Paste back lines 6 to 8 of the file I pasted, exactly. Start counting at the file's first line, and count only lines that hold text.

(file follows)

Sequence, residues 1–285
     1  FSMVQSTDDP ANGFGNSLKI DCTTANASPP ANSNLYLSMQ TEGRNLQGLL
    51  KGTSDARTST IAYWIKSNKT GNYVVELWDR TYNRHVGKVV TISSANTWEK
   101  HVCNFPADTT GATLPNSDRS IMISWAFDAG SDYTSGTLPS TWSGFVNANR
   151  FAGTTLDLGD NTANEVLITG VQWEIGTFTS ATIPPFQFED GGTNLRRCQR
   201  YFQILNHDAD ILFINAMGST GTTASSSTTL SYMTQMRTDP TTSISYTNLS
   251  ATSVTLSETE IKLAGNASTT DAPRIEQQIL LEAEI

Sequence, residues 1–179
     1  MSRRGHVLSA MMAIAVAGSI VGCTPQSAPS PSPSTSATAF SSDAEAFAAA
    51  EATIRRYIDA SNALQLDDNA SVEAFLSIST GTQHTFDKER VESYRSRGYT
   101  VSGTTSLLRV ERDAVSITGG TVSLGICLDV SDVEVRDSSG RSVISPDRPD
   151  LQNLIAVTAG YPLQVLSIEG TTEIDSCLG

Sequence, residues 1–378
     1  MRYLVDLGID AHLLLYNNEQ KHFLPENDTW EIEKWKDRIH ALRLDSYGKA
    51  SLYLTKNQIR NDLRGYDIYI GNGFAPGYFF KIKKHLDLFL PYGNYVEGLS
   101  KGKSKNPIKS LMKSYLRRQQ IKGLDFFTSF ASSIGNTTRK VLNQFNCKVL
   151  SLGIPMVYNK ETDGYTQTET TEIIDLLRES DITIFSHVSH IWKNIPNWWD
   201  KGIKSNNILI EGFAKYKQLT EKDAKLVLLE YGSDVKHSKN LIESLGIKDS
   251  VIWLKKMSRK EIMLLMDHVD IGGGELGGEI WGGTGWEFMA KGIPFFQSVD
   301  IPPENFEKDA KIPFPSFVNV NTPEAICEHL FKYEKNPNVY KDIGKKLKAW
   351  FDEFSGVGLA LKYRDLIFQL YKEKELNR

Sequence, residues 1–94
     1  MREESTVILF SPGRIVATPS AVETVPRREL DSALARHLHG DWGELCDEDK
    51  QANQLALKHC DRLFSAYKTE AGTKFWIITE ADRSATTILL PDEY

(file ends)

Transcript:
   201  YFQILNHDAD ILFINAMGST GTTASSSTTL SYMTQMRTDP TTSISYTNLS
   251  ATSVTLSETE IKLAGNASTT DAPRIEQQIL LEAEI

Sequence, residues 1–179